“Marriages aren’t fireproof.” So states Caleb Holt, the lead character of the new motion picture Fireproof, the third in a series of films created by the Sherwood Baptist Church community in Albany, Georgia.
This film, like its predecessors, contains powerful themes about faith, religion and morality—issues that are slowly becoming more prevalent in today’s films. Fireproof, a low-budget -- but high quality film -- about a marriage on the brink of divorce, is the latest film to attempt to prove that movies can be entertaining, and at the same time, instill values.
Several days ago, I had the opportunity to attend an advance screening of Fireproof at the Family Research Council’s Values Voter Summit held in Washington D.C. The film stars Kirk Cameron, a well-known Hollywood actor most famous for his role on the long-running television hit Growing Pains, which aired from 1985-1992.
Cameron, unlike the other cast members in the film, is a well-known actor. After seeing the Sherwood Baptist Church’s previous film, Facing the Giants, Cameron expressed interest to the church and was eventually cast in the lead role in this film. The other actors in the movie are little-known volunteers who wanted to be a part of the production.
The movie opens with Caleb (Cameron’s character) at the end of the rope regarding his marriage. During his job as a firefighter, Caleb battles against flames, smoke and a fast-moving train and he endorses the firefighting idea of never leaving a partner behind. However, as Caleb battles by day against smoke and flames, in his home life, Caleb has to fight a war to save his marriage from destruction.
After learning his son’s marriage is on the brink, Caleb’s father provides him with a daily journal of assignments he should complete to save his marriage. The film revolves around the challenges in meeting these daily goals. Throughout the forty days of this endeavor (where each day comes with a new task to be added to previous tasks), Caleb tries (with varying degrees of effort) to follow his father’s advice. Here’s where the story takes a spiritual turn: As the days progress, Caleb realizes that neither he, nor his wife, can save the marriage alone. Nor can they save the marriage without God’s help and guidance.
Fireproof, like its predecessors Flywheel, and Facing the Giants, is a small movie that carries strong messages of faith, family and Christian values. These movies were created not by big-time Hollywood producers -- but by a church-going community that wanted to spread God’s message through motion pictures.
According to the website of the first film the church produced, “FLYWHEEL was conceived in spring 2002 after Alex and Stephen Kendrick, who are both pastors on the staff of Sherwood Baptist Church in Albany, Georgia, saw the results of a survey from George Barna's organization that said movies and television shows are more influential in American culture than the church.” With that information, the brothers recruited local volunteers to do everything from acting to helping with the music for their movies.
The film Fireproof, unlike the previous films, predominantly focuses on the importance of marriage and the commitment that people make to each other when they take their vows.
As Gary Marx, a conservative who has worked in outreach in several presidential campaigns and also saw an advanced screening, told me, the uniqueness of this movie is that “[T]here’s never been another movie … that made marriage the main subject of the movie.”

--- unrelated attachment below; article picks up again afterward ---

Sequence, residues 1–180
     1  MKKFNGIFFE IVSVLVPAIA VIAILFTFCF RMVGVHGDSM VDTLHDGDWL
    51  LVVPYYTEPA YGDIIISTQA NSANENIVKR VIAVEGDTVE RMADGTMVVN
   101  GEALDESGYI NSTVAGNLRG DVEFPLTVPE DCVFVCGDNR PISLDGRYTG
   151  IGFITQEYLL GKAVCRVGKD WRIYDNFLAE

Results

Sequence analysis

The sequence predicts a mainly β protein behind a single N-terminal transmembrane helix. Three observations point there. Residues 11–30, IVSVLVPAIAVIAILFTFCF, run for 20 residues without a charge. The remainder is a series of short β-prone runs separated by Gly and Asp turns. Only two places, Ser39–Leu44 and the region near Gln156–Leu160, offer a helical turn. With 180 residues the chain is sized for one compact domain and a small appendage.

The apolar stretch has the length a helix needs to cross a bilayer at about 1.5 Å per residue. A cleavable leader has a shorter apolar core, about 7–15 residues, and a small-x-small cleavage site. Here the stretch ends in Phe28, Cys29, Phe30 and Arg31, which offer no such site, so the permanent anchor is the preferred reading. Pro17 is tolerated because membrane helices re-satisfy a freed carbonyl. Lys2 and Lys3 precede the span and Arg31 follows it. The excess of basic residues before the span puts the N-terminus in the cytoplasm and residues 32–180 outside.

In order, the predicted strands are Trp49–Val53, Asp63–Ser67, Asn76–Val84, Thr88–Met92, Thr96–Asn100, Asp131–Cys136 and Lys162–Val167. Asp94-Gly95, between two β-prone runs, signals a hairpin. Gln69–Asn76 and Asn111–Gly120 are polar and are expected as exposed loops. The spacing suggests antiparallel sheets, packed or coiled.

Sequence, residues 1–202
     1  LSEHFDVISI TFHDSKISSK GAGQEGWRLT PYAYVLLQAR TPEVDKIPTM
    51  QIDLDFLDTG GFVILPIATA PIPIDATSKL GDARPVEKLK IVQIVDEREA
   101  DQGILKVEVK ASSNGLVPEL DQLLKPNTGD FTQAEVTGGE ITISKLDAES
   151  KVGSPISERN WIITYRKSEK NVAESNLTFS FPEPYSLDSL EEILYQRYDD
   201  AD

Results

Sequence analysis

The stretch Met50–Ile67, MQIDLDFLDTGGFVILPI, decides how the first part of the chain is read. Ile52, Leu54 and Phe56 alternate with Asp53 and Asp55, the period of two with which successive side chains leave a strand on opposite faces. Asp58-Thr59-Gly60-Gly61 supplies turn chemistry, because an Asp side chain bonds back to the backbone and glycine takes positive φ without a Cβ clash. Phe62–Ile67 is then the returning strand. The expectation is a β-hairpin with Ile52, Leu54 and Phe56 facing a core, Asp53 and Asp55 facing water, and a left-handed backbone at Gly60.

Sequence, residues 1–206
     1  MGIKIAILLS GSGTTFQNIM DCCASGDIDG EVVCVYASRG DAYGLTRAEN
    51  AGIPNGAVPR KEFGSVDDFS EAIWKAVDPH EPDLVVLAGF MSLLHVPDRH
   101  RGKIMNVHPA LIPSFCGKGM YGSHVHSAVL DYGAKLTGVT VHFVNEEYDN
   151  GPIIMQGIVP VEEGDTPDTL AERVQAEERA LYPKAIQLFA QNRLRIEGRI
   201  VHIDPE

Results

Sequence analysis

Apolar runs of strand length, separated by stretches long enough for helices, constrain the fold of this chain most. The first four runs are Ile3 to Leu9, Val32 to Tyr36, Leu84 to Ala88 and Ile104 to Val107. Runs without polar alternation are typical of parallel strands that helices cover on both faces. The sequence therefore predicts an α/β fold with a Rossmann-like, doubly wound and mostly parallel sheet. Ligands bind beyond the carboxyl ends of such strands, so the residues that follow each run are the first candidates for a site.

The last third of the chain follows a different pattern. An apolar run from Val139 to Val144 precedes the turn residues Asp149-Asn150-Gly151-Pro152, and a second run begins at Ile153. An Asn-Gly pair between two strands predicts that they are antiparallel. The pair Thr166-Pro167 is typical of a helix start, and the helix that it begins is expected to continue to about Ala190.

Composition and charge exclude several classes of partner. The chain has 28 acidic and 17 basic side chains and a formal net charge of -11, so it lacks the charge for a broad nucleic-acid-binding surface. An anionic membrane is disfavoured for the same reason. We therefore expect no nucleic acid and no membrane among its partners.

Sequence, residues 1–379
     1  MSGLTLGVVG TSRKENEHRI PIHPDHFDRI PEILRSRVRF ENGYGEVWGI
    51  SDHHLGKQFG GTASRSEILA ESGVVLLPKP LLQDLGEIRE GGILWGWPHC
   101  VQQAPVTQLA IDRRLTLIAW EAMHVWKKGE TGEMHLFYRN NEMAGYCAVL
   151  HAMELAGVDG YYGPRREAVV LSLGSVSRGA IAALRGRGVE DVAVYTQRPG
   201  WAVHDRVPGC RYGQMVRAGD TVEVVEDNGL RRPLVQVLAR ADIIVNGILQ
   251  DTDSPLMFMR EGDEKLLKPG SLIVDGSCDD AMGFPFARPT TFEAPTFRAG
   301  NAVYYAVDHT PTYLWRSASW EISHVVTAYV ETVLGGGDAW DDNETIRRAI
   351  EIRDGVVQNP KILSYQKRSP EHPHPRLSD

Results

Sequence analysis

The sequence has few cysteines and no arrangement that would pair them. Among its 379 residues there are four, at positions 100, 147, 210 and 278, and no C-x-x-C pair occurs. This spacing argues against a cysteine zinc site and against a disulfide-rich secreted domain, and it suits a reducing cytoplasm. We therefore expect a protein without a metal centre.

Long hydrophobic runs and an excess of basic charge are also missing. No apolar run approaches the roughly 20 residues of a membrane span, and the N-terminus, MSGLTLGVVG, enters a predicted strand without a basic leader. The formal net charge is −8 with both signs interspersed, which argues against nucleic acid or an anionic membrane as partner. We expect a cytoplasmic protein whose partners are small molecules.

Of course, the concept of using movies to advance a cause is not new to the Hollywood world of movies and television. Since last September alone, we have seen several anti-war movies (Stop Loss, Lions for Lambs) flop at the box office.
We have also seen movies like the latest Rambo and The Dark Knight showcase messages through violence and the repercussions of it. Additionally, we have seen a sequel to the Christian-themed C.S. Lewis film The Lion, the Witch and the Wardrobe at the cinema as well as several new movies from Tyler Perry, who often sprinkles Christian themes into his movies (i.e. Why Did I Get Married? and Meet the Browns).
Even seemingly innocuous television programs that many people grew up watching like the teen television hit Saved by the Bell showcased messages to its young audience. In a recent lecture at Catholic University in Washington D.C., Dennis Haskins, who portrayed principal Richard Belding talked about the messages that the show delivered to its audience. Each episode had a message, he said-- which stands as a stark contrast to some of the television programs appealing to teenagers today.
According to Marx, the true test of Fireproof will likely be whether or not it can reach audiences beyond the church community, which is the main demographic for this film.
In the past, movies like The Lion, the Witch and the Wardrobe and The Passion of the Christ have succeeded because they were able to reach a large audience that may or may not have the same beliefs that the films endorse. Films like Stop Loss and Lions for Lambs were unsuccessful because they were unable to reach that broad larger audience of people who agree or disagree with the main ideology of the film.
The general consensus seems to be that message media can -- and does -- succeed if the stories that hold up these messages are engaging and entertaining. A broader audience also must be open to the story itself. First and foremost, the story of the movie or show has to be good enough to get people into their seats at the multiplex or in their living rooms. Then the message will be able to reach that desired larger audience.
Fireproof contains a great story in it that has a purpose (not the other way around) and hopefully, because of that, this film will be able to reach a larger audience than the one that normally fills in the pews every Sunday morning during church.
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